Alternative music reviews

The Kills

Pull A U July 2003

When Real Madrid bring on David Beckham in the 85th minute just because they can you know they're just doing it to show off. And similarly here The Kills exhibit their strength-in-depth by releasing 'Pull A U', about the 6th best track from the enchanting 'Keep On Your Mean Side' LP, as the second single. It remains, however, a cut above. VV's yearning vocals are fascinating as she entones "I'm not trying to wake you up" over an infectious riff. The highlight of the track is, however, when Hotel appears to rip into the guitar producing short bursts of brilliance. B-side 'The Search for Cherry Red' is a fairly nice duet but sadly lacking in tune. 'Pull A U', however, demands your attention - show offs.

Review by Alex Lawson
Nottingham Rescue Rooms 16 March 2003

In 2001 a little-known Detroit band called The White Stripes toured the UK. The response was amazing; tabloid articles, top-selling albums and world tours followed. Their retro-blues had touched millions and led to success for other past-miners such as The Soledad Brothers, The Von Bondies and The Dirtbombs. There was, as Jon Spencer would put it, a Blues Explosion! And so it is for another of these bands we attend Nottingham’s newest, and best, new music venue. But don’t be confused The Kills are no bandwagon-jumpers. Having served time in obscure rock outfits for nearly a decade, Hotel and VV (aka Jamie Hince and Alison Mosshart) now play their first UK headline tour.

It’s now; three songs into a set so enthralling the crowd have forgotten they hold any human form but a pair of eyes, that all becomes clear. VV looks, not out to her adoring fans (“you’re beautiful love” one patron remarks post-gig), but to her partner in crime across the stage who stares intently back. It feels like you’ve just walked in on some older boys and girls snogging and are trying to watch undetected. VV purrs through ‘Superstition’ whilst smoking her third fag in ten minutes. Hotel rips at his guitar during ‘Pull A U’, tearing each chord out of the amps standing next to the quietly beating drum machine. ‘Fuck the People’ and ‘Black Rooster’ pass anthemically, the latter featuring the sight of each singing “you wanna fuck and fight” to the other- get a room guys!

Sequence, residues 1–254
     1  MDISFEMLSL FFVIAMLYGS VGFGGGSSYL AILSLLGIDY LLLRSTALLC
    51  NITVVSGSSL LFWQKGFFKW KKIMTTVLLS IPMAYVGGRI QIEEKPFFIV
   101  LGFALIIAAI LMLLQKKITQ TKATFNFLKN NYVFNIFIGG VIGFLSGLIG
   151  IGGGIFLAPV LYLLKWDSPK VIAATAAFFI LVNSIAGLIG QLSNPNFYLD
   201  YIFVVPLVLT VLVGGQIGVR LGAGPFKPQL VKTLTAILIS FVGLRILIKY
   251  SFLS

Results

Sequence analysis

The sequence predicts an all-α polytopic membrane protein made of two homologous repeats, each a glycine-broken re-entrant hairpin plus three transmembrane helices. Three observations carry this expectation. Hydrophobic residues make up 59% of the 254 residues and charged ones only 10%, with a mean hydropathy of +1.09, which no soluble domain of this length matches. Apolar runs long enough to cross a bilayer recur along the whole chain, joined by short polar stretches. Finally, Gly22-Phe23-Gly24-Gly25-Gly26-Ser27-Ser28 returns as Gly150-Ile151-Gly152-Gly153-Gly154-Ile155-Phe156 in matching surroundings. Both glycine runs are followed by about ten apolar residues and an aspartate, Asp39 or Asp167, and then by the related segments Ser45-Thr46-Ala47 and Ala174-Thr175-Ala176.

Then everything goes quiet, mikes are moved closer and VV lights up another. ‘Kissy, Kissy’ follows; on record it takes the air of a swashy sub-Mary Chain number, live it is a compelling love letter. As VV moves round him the word chemistry ceases to be forever associated with learning what atoms make up a carrier bag. As the leading lady releases the yearning lyrics “it’s been a long time coming”, she hurls the barely smoked fag into the speakers – it’s an epiphany. Cheers emit from the crowd, the two small, thin chemists on stage merely continue in each other’s eyes. And then they’re gone, forty minutes of encapsulating rock and roll draw to a close.

So what are they, PJ Harvey with blues riffs? Stripes imitators? Or just maybe an experiment worth so much more than just a fuck and a fight.

Review and photos by Alex Lawson

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